Business, Green

Fracking, the Good and the Bad

According to a new report from the U.S. Energy Information Administration (EIA), U.S. energy independence is on the rise and may put us back at the top of the global energy industry. Fracking is the name of the game, and we’re discovering some hefty oil and natural gas resources available to us here at home.

 

The EIA has predicted that the replacement of liquefied natural gas (LNG) for fuel will rise by about 12% per year through 2040, especially in the commercial industry. Freight trucks will have to make special modifications and commit to mapping out locations for refueling stations, something the EIA says they’ll be willing to do since LNG will be 40% cheaper than petroleum diesel fuel for the next thirty years.

 

In the long run, the EIA says that truckers will be willing to make the change since it will end up saving them lots of money. Unfortunately, this shift to using LNG instead of gasoline doesn’t look like it will have much of an effect on average drivers of individual vehicles. There’s currently not an infrastructure set up for refueling, and smaller vehicles can only hold a small amount of compressed energy. That infrastructure would need to be in place before a widespread change could take place.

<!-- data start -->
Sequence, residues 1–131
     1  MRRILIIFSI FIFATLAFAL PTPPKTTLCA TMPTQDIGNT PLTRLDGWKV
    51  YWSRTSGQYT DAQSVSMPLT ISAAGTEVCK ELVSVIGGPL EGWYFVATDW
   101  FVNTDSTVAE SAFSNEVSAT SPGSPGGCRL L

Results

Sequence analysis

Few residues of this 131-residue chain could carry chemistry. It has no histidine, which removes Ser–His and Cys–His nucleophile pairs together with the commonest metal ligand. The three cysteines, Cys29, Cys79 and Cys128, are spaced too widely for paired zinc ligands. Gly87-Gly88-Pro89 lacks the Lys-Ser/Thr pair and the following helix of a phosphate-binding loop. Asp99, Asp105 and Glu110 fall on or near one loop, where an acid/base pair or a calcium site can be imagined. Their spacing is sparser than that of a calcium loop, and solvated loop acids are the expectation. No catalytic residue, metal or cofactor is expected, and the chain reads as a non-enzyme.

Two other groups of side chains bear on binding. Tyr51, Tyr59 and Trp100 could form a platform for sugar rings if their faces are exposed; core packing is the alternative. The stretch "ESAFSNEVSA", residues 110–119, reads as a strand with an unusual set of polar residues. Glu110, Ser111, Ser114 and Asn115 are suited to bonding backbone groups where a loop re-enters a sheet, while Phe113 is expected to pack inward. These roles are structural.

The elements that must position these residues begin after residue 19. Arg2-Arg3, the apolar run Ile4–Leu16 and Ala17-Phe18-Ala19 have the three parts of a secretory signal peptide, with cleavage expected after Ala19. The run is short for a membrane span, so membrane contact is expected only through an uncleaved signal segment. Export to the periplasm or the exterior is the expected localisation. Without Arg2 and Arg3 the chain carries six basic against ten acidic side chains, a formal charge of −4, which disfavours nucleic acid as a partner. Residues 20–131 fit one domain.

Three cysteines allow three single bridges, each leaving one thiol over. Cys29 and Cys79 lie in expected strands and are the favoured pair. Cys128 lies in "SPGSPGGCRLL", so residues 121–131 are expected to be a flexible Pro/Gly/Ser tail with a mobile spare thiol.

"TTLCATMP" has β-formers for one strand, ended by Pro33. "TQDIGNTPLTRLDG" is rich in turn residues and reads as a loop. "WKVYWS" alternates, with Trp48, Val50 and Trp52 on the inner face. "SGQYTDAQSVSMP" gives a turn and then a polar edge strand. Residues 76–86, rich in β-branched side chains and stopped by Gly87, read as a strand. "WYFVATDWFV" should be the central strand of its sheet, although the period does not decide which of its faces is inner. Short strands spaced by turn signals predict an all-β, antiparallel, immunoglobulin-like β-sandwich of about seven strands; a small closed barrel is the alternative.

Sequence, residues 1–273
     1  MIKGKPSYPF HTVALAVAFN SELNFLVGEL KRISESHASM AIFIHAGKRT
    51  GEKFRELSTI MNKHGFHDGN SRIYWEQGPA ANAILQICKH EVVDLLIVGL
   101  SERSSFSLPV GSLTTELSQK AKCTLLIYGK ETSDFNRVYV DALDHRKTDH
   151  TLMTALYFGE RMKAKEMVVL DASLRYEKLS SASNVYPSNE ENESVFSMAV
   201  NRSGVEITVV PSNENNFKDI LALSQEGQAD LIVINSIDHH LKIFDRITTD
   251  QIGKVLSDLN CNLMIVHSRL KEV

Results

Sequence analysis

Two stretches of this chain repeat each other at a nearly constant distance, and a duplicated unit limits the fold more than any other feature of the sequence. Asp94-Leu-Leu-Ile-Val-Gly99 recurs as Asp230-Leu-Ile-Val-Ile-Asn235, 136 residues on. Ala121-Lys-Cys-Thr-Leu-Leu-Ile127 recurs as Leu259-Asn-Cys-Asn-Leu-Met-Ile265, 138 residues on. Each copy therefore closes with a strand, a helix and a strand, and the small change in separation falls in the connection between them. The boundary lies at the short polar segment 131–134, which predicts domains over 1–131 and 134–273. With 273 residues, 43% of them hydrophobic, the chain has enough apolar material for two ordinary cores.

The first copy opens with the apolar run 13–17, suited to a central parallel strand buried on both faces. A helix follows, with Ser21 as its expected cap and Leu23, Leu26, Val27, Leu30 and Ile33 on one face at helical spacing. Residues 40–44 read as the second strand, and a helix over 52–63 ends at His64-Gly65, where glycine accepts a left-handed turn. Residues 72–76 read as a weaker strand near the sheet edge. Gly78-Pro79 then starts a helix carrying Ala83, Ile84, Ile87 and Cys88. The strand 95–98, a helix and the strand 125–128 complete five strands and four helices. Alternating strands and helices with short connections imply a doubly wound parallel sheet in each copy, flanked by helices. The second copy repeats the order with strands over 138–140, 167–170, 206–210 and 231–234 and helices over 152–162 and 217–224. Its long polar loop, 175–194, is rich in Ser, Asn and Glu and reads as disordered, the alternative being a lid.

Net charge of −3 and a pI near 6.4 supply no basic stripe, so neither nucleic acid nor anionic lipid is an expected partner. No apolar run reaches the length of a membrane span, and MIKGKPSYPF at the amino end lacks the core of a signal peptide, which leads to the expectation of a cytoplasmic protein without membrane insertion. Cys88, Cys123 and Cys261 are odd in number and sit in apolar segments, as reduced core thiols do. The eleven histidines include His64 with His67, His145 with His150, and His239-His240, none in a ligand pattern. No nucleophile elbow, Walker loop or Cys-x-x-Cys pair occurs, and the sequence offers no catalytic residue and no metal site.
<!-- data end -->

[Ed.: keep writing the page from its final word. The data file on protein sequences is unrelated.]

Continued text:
Unfortunately, this rise in natural energy and oil resources at home doesn’t do much to shift our current U.S. energy usage. Analysts predict we’ll still spread our usage fairly evenly across natural gas, coal, and nuclear power for the next three decades at least. Solar, wind, and renewable energy are being looked into, but they have yet to make a major breakthrough.

 

On the plus side, U.S. carbon emissions are expected to stay about 5% below what they were in 2005, a small step in the right direction. The future of our energy industry is positive in that we’ll be more independent, but it’s one that still relies heavily on natural gas and oil. To make a complete shift over, there will need to be stricter climate policies in place by the government, and we’ll need to see some big leaps in technology.

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